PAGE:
District 9 goes huge

The hype for District 9 is going through the roof.

The marketing campaign for the sci-fi movie, set in South Africa and opening here on August 28, was planned before the movie was even filmed.

The hype has become self-generating, with “tweets” on Twitter hitting third place on the list of “trending topics”, even as the film took $37-million at the American box office on its opening weekend.

Off a budget of about $30-million, that’s good—though small beer compared with the money turned by big-budget blockbusters.

GI Joe, the action flick displaced from the top box-office slot by District 9 on the weekend of August 14, saw a fall of about 60% in revenue. Analysts suggest that District 9, however, will have more “legs”. It was also released in a period traditionally slow for the US box office.

Directed by South African-born Neill Blomkamp and set and filmed in Soweto, District 9 was produced by Lord of the Rings director Peter Jackson.

Blomkamp, whose family moved to Canada when he was young, has previously made commercials and short films, one of which he developed into District 9.

The movie’s premise is that a huge alien space ship, its fuel supplies damaged, came to a halt over Johannesburg two decades ago and is still hovering there.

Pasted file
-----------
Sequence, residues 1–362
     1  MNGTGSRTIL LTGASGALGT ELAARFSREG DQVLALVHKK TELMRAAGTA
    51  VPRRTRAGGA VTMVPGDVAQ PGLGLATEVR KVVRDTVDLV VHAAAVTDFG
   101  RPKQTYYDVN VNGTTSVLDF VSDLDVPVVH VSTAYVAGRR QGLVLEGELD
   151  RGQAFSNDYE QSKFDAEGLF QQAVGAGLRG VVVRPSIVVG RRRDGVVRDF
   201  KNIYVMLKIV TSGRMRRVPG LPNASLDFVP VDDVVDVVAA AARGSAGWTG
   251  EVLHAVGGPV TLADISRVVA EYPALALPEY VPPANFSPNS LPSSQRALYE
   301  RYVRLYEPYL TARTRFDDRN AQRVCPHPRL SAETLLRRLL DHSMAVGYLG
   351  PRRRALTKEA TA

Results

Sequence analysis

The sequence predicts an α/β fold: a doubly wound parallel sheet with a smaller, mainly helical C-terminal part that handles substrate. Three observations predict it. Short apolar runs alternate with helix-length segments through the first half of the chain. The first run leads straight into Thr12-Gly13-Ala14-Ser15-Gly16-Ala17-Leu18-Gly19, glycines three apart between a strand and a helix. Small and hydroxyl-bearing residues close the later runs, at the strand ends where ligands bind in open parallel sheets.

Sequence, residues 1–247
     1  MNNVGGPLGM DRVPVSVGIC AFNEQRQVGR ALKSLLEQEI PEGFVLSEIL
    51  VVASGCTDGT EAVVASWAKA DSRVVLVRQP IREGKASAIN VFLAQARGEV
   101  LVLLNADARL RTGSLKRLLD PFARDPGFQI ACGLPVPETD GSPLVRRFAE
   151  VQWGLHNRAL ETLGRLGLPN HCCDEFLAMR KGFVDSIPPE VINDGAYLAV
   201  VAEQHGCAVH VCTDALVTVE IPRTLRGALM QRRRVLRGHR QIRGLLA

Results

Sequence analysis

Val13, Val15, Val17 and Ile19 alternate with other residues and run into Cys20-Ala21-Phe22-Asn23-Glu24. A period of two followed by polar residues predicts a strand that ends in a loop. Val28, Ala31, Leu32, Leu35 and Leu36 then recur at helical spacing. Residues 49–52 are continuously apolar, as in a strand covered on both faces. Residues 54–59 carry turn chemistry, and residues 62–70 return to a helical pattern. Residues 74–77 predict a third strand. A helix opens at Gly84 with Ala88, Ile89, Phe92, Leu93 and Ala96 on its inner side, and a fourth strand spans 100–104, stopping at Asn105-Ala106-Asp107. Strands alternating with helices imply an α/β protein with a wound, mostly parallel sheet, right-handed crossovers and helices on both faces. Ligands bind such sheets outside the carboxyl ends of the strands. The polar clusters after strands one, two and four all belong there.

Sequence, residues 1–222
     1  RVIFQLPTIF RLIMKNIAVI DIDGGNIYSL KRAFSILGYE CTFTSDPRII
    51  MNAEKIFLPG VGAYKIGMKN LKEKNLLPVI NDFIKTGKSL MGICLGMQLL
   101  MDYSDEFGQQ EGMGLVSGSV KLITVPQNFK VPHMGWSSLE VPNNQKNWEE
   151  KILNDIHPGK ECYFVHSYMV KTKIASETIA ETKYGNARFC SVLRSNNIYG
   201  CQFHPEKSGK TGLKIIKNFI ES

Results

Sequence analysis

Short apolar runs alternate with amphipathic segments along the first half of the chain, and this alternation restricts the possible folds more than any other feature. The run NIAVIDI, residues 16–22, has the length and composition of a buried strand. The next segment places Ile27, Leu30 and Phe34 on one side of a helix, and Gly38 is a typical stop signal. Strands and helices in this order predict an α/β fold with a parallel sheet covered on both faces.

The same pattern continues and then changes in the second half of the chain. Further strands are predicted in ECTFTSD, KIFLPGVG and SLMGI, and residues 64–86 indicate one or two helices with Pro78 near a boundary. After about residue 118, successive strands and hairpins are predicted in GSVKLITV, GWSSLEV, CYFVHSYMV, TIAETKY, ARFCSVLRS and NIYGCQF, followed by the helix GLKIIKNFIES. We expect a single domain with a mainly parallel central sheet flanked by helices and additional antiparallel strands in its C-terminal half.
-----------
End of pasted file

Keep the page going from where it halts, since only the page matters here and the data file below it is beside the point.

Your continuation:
The aliens, called “prawns” by the locals, are rescued and put in a camp, District 9, in Soweto.

In the US the District 9 campaign included huge billboards with the words “For humans only”—playing off apartheid laws—and a “viral” marketing campaign that included setting up a website for the film’s fictional corporation, MNU.

Cast members also kept Twitter and Facebook supplied with information as the film progressed. Sony, which bought into District 9 and distributes it, is pleased. Its head of distribution, Rory Bruer, told the LA Times of the pre-release hype: “You could feel the ground moving.”

Local distributors Ster-Kinekor are also talking up the film. Helen Kuun told the M&G she felt Oscar nominations were likely for special effects and sound design—even for best picture.

She said the number of nominations for best picture has increased from five to 10 and that Oscar voters have a soft spot for low-budget movies that come out of nowhere and do well. District 9, she said, is this year’s example of “the little film that could”.

Sony laid on a Hollywood-style “junket” for the South African press, lining journos up at a posh hotel to meet the stars and director for 15-minute chats. At advance screenings, critics were asked to give their opinions of the film—apparently because Sony was concerned that its “political” element might put South Africans off.

They can rest assured: the film is largely sci-fi action.

Early screenings were also attended by a police contingent, present to help prevent pirating of the film. That must have worked—for South Africa at least. A pirated version of the film, with Russian subtitles, is already on the net.

Shaun de Waal

Shaun de Waal

Shaun de Waal has worked at the Mail & Guardian since 1989. He was literary editor from 1991 to 2006 and chief film critic for 15 years. He is now editor-at-large. Recent publications include Exposure: Queer Fiction, 25 Years of the Mail & Guardian and Not the Movie of the Week. Read more from Shaun de Waal

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